Radar images reveal Mars is coming out of an ice age

CAPE CANAVERAL, Fla. An analysis of radar images that peered inside the polar ice caps of Mars shows that Earth's neighbor is coming out of an ice age that is part of an ongoing cycle of climate change, scientists said on Thursday. The Martian ice began its retreat about 370,000 years ago, marking the end of the last ice age, according to the research published in the journal Science. Using images taken by satellites orbiting Mars, the researchers determined that about 20,872 cubic miles (87,000 cubic km) of ice has accumulated at its poles since the end of the ice age, mostly in the northern polar cap. Scientists are keenly interested in piecing together the climate history of Mars, which contains strong evidence that oceans and lakes once pooled on its surface, bolstering the prospects for life. Scientists can now use the new ice measurements in computer simulations to more accurately model the Martian climate, said planetary scientist Isaac Smith of the Southwest Research Institute in Boulder, Colorado, who led the study."Previously those models were unconstrained by observations so they started with guesses. Now they have more to run on," Smith said.The study also was the first to tie a specific layer of Martian ice with a specific period of time. "Eventually we'd like to be able to do this for every layer," Smith said. From the perspective of an Earthling, every day on Mars may feel like an ice age. According to NASA, temperatures on Mars may hit a high at noon at the equator in the summer of roughly 70 degrees Fahrenheit (20 degrees Celsius), or a low of about minus-225 degrees Fahrenheit (minus-153 degrees Celsius) at the poles.Unlike Earth, ice ages on Mars occur when its poles are warmer than average and frozen water is more stable at lower latitudes. Transitions between lengthy climate phases can leave telltale features in the ice, the research showed. For example, Smith and colleagues found dramatic slopes in layers of ice within the Martian northern ice cap. Other layers reveal ice flowing in reverse direction. The climate cycles are triggered by changes in Mars' orbit and tilt, which affect how much sunlight reaches the planet's surface.The shifts are particularly dramatic on Mars because theplanet's tilt changes by as much as 60 degrees, compared to variations in Earth's tilt of about 2 degrees. (Reporting by Irene Klotz; Editing by Will Dunham) Read more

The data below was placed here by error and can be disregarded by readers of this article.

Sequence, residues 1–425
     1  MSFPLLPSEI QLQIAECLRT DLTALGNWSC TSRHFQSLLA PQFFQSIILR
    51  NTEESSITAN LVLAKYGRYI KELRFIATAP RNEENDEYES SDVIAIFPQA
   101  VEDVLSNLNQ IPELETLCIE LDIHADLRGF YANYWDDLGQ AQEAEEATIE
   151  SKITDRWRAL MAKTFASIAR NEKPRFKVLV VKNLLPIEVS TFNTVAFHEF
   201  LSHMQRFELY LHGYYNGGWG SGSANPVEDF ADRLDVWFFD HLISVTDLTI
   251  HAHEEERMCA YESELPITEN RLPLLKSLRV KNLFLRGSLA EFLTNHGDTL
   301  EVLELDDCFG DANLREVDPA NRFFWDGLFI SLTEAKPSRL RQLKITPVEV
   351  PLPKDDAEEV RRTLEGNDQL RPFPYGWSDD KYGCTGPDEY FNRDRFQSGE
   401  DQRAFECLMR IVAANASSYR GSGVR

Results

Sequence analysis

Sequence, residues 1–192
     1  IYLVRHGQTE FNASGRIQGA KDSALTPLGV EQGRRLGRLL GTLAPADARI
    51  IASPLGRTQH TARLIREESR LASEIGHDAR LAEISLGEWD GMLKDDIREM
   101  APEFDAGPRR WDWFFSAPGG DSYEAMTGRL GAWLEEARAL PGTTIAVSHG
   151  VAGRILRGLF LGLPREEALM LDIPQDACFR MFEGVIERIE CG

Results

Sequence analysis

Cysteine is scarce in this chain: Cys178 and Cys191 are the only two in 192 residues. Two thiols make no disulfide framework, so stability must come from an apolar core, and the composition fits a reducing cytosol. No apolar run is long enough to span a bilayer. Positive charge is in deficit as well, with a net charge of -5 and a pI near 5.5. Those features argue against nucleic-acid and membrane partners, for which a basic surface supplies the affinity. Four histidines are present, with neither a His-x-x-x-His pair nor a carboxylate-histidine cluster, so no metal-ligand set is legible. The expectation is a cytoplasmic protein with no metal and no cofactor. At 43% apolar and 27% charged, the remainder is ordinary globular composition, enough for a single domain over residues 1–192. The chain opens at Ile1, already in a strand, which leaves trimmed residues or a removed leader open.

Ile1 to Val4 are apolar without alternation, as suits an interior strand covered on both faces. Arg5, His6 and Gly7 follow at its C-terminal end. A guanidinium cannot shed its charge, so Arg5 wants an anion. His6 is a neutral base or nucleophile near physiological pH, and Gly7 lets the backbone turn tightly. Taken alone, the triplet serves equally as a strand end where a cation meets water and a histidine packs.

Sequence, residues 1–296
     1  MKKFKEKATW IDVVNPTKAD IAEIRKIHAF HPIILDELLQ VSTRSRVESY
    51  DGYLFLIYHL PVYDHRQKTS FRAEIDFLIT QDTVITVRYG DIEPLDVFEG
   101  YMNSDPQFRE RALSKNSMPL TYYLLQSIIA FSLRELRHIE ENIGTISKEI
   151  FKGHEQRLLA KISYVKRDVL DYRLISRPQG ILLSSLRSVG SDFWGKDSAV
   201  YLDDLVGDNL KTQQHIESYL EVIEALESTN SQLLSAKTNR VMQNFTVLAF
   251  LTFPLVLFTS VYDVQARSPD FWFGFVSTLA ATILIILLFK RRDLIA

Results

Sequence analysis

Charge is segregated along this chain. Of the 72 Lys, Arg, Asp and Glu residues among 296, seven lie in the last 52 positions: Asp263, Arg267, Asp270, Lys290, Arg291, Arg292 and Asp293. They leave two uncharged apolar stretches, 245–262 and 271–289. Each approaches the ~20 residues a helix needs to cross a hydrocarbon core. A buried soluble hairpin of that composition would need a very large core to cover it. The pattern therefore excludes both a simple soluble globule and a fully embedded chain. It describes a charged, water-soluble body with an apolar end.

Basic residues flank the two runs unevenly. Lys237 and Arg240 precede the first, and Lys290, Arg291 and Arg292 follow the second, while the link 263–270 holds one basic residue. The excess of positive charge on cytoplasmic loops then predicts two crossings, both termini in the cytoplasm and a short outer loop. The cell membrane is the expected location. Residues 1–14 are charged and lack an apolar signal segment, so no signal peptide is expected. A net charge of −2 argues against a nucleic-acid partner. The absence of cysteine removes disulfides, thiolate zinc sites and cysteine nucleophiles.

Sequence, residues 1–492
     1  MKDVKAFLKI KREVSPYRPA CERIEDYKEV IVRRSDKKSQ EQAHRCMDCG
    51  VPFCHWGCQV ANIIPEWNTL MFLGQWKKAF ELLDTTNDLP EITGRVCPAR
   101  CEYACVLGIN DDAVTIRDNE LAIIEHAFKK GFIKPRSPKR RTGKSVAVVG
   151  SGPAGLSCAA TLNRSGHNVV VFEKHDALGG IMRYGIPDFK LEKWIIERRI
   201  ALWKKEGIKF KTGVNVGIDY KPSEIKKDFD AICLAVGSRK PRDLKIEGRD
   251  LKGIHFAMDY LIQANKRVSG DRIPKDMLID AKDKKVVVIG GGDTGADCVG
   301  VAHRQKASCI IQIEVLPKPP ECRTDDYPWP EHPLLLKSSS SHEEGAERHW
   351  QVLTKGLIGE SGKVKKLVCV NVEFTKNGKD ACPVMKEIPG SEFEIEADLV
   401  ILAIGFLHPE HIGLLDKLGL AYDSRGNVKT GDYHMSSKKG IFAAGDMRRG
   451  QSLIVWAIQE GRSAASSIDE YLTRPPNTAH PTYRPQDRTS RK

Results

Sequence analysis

Dinosaur duo sported exotic spikes and horns